Runner-up at PGA Sweden National on his last start in this event in 2015, the Dane will feel very much at home and he’s gone 7-for-7 on the European Tour since early June. That run includes T7 in the BMW International Open and T22 at the European Open, both events in Germany. Looking at a wider view of his Swedish form, Kjeldsen has four finishes of T14 or better in his last six starts there.
Now for three Swedish players who sit 44th, 45th and 46th on the Race to Dubai. Lagergren (44) took victory in the Rocco Forte Sicilian Open in May and added T12 in the Irish Open and T23 at the Scottish. He’s rested up since and now will hope to improve a poor record in this event which shows MC-MC-48-68 from 2014-2017.
Kinhult is 45th on the RTD courtesy of some big cheques at the BMW PGA Championship (T12) and the Open de France (T5) in recent times while he was also third in Qatar earlier this year. He was the 54-hole leader at Le Golf National and first came to the attention of most European Tour observers when holding the 36-hole lead in this event as an amateur (finished T33) in 2015. Kinhult was also T21 the year before while T8 in the 2016 Made In Denmark adds to some promising play in the region. Says this is his favorite tournament.
At 46 on the RTD, Dantorp owes his position to banking by far the biggest pay-day of his career with a tied third at last month’s Scottish Open, a Rolex Series event. He shot 64-65-68-68 that week and it rather came out of the blue as he’s had just one other top 20 (T16 Indian Open) this season. A two-time winner on the Challenge Tour (2013 and 2017), he’s got some nice form in this event with T3 in 2015 and T18 in 2016.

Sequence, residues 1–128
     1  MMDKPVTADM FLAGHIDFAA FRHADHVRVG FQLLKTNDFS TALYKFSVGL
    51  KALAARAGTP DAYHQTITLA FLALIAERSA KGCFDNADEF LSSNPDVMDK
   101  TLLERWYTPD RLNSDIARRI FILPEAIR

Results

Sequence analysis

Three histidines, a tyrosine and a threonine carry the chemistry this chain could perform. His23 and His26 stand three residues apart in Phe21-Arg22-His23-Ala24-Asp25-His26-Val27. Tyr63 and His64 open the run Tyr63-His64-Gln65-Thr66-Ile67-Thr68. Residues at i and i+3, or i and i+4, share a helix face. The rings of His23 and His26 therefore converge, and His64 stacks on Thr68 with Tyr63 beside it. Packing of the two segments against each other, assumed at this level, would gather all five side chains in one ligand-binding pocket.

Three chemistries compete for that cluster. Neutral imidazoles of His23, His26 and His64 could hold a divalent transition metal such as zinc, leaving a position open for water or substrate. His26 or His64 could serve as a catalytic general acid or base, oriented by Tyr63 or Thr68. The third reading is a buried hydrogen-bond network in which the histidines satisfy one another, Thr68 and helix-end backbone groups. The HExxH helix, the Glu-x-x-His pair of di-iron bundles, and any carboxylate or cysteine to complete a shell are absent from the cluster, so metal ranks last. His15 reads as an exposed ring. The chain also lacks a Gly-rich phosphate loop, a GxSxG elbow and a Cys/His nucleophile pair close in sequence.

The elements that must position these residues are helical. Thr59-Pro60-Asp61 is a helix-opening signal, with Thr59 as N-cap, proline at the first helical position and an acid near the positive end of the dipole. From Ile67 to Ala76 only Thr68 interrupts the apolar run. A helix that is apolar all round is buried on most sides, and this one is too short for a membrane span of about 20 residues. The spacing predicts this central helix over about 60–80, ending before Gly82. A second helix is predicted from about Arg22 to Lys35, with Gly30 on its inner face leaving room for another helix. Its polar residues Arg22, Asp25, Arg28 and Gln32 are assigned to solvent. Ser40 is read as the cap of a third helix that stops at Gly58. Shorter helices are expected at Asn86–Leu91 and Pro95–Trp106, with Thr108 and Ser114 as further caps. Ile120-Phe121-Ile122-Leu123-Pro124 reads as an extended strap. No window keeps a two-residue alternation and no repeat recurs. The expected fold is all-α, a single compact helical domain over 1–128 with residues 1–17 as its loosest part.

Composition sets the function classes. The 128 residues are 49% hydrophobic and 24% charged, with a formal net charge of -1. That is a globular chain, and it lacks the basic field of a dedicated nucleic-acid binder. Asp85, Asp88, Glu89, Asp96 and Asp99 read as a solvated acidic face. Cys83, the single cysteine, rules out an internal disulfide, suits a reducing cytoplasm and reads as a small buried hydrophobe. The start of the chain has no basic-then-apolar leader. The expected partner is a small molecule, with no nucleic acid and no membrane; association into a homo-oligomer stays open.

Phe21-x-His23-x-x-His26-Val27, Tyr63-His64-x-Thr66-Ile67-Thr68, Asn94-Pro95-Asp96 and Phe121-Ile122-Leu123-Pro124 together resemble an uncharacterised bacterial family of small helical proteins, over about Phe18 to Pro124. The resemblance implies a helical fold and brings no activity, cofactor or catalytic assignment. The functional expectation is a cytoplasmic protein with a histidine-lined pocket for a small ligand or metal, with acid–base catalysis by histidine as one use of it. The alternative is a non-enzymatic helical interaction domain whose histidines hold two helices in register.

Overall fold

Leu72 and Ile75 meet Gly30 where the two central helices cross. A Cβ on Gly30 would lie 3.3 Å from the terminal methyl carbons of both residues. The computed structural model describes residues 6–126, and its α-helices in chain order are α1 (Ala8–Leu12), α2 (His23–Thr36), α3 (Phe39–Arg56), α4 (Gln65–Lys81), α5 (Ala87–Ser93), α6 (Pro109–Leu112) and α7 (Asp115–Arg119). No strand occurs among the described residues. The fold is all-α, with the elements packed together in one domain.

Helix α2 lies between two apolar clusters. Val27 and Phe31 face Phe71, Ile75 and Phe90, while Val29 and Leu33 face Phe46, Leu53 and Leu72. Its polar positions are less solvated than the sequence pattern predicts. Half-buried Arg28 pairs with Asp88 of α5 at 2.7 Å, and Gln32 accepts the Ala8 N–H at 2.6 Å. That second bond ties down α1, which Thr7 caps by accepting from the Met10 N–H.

Given the good record of Scandinavians in this event, Bjerregaard should be fairly near the front of the queue when constructing a line-up. He had a burst of four top sixes in five starts from April to June and is 30th for GIR this season. The Dane has cashed in all four starts at the Nordea Masters, with T20 two years ago his best.
A closing 65 gave Southgate a nice payout at the Open de France (T5) and he’s 3-for-3 since, including T23 in the Scottish Open where he ranked fourth for greens in regulation. Currently 54th on the Race to Dubai, he’s not managed anything better than T65 in three starts at the Nordea Masters but if you like the inspiration angle – Southgate is good friends with recent European Open winner Richard McEvoy and they co-hosted a charity golf day last week.
The Belgian has had a decent summer with three top 20s in five European Tour events – T18 at the BMW International Open, T16 at the Open de France and T13 in the European Open. The frustration for gamers is that those finishes don’t really bank much and, in fact, he’s not had a better worldwide finish than T9 for over a year. MC in this event last year.
The Next Rung
If you’ve been following the Asian Tour, Vincent’s name has been a leaderboard staple. Last four starts – 6-7-2-2, the latest second place coming in last week’s TAKE Solutions Masters in India where he shot 65-68 on the weekend. Long rather than straight so should like the wide fairways and his recent GIR numbers are superb.
Rai banked a top four in Sweden at a Challenge Tour event a couple of seasons ago and he’s definitely regarded as a winner waiting to happen at full European Tour level. Recent positives include a top five in the BMW International Open and T9 at the Scottish Open. Very straight hitter although his usually trusty putter has gone rather cold.
Nordea specialist. The tournament has been played at three different venues the last three years and Colsaerts has finished 8-3-7. He’ll hope he can stretch that to a fourth top ten at Hills GC. Has missed five of his last nine cuts but also posted a third, seventh and T19 in that sequence.